Under the Moon: A Catwoman Tale by Lauren Myracle & Isaac Goodhart

I’ve been going through these YA graphic novels for a while now, each one in the series focusing on a famous DC heroine (Harley Quinn, Raven, Princess Mera, Selina Kyle) and exploring what her adolescence might have been like. They’re not canon-compliant with any other comic books, television shows or films, but usually have the aesthetic you might expect from the character’s history.

In this case, you can expect Selina Kyle to be involved with cats, living on the streets, and a heist.

Catwoman has always been one of my favourite characters, so I was interested to see how her story would play out here in Under the Moon: A Catwoman Tale. It’s about what you’d expect from a future cat-burglar: she doesn’t get on with her mother’s abusive boyfriend, and when he ends up killing her pet kitten (trigger warning f... Read More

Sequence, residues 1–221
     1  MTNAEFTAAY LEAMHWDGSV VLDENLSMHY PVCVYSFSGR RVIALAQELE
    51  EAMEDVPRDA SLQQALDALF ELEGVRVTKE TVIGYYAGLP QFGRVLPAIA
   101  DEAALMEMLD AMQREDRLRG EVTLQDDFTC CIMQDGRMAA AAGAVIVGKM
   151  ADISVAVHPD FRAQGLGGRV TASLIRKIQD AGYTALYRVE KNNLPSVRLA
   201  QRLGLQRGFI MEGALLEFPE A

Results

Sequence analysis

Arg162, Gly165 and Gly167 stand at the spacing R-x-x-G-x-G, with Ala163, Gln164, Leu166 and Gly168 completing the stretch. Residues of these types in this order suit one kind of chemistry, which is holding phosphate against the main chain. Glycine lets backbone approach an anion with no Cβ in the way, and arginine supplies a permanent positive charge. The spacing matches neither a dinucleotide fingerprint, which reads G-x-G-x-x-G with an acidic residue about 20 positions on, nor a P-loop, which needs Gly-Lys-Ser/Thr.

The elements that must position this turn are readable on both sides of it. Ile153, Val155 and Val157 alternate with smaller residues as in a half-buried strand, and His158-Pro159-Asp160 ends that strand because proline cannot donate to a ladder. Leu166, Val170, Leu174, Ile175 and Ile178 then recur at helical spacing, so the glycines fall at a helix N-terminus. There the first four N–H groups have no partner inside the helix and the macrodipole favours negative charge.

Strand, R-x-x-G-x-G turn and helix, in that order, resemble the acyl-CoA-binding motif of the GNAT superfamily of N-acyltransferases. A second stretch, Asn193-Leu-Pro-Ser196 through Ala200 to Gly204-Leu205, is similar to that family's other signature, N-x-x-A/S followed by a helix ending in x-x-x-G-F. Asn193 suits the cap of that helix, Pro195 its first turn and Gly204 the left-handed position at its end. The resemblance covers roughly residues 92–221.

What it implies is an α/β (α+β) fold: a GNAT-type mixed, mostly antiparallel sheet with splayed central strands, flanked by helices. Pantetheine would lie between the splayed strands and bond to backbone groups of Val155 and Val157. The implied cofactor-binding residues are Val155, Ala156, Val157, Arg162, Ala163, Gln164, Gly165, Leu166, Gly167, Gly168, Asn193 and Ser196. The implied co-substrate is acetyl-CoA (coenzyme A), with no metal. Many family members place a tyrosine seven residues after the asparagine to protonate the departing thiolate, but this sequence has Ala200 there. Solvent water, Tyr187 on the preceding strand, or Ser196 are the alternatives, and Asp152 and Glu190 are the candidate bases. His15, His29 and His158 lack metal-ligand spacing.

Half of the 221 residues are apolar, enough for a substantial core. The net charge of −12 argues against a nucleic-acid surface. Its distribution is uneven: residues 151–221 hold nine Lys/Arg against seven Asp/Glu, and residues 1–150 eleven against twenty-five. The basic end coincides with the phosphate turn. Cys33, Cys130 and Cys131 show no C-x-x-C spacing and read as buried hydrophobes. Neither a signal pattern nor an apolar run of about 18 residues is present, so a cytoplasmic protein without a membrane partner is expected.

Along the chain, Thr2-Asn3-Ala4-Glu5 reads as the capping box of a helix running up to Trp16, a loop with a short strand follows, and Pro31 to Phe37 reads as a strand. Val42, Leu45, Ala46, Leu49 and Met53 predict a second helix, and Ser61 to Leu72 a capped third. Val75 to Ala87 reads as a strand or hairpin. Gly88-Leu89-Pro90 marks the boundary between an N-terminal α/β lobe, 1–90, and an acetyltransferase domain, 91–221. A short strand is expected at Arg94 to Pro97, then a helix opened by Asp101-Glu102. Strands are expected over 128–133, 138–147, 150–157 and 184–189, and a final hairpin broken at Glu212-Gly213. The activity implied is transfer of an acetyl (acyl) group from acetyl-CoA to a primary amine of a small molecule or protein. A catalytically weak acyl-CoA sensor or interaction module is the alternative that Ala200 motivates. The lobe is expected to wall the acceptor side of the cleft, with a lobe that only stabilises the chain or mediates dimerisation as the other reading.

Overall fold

B.P.R.D. (Vol. 5): The Black Flame: Echoes of Lovecraft

B.P.R.D. (Vol. 5): The Black Flame by Mike Mignola (writer), John Arcudi (writer), Guy Davis (artist), Dave Stewart (colors), and Clem Robins (letters)

B.P.R.D.: The Black Flame is another great entry in the B.P.R.D. series. This volume opens up with a board meeting at a company called Zinco. We are quickly led to see they are a company unlike any other: In the basement, they are running tests on and trying to communicate with frog creatures. Upstairs off of the boardroom is a secret chamber hiding the CEO’s secret Nazi memorabilia. Zinco will have an important part to play in upcoming events.